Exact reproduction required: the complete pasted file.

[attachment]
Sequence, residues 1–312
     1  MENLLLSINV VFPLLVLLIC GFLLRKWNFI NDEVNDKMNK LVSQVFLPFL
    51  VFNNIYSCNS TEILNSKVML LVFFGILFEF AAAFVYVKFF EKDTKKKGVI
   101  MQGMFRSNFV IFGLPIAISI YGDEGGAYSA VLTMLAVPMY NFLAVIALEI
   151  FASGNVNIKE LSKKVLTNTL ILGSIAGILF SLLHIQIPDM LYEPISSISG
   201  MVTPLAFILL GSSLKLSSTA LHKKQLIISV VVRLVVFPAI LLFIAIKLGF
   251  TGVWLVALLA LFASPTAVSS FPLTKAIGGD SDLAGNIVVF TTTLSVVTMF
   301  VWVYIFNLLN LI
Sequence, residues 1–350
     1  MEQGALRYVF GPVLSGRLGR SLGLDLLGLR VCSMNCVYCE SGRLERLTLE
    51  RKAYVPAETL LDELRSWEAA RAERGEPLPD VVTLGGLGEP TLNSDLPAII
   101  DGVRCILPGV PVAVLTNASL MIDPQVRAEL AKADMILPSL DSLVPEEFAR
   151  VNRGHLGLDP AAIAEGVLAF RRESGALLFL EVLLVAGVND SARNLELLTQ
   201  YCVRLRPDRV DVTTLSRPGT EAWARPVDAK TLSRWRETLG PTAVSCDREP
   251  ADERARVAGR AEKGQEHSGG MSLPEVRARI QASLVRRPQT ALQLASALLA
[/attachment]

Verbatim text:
Sequence, residues 1–312
     1  MENLLLSINV VFPLLVLLIC GFLLRKWNFI NDEVNDKMNK LVSQVFLPFL
    51  VFNNIYSCNS TEILNSKVML LVFFGILFEF AAAFVYVKFF EKDTKKKGVI
   101  MQGMFRSNFV IFGLPIAISI YGDEGGAYSA VLTMLAVPMY NFLAVIALEI
   151  FASGNVNIKE LSKKVLTNTL ILGSIAGILF SLLHIQIPDM LYEPISSISG
   201  MVTPLAFILL GSSLKLSSTA LHKKQLIISV VVRLVVFPAI LLFIAIKLGF
   251  TGVWLVALLA LFASPTAVSS FPLTKAIGGD SDLAGNIVVF TTTLSVVTMF
   301  VWVYIFNLLN LI
Sequence, residues 1–350
     1  MEQGALRYVF GPVLSGRLGR SLGLDLLGLR VCSMNCVYCE SGRLERLTLE
    51  RKAYVPAETL LDELRSWEAA RAERGEPLPD VVTLGGLGEP TLNSDLPAII
   101  DGVRCILPGV PVAVLTNASL MIDPQVRAEL AKADMILPSL DSLVPEEFAR
   151  VNRGHLGLDP AAIAEGVLAF RRESGALLFL EVLLVAGVND SARNLELLTQ
   201  YCVRLRPDRV DVTTLSRPGT EAWARPVDAK TLSRWRETLG PTAVSCDREP
   251  ADERARVAGR AEKGQEHSGG MSLPEVRARI QASLVRRPQT ALQLASALLA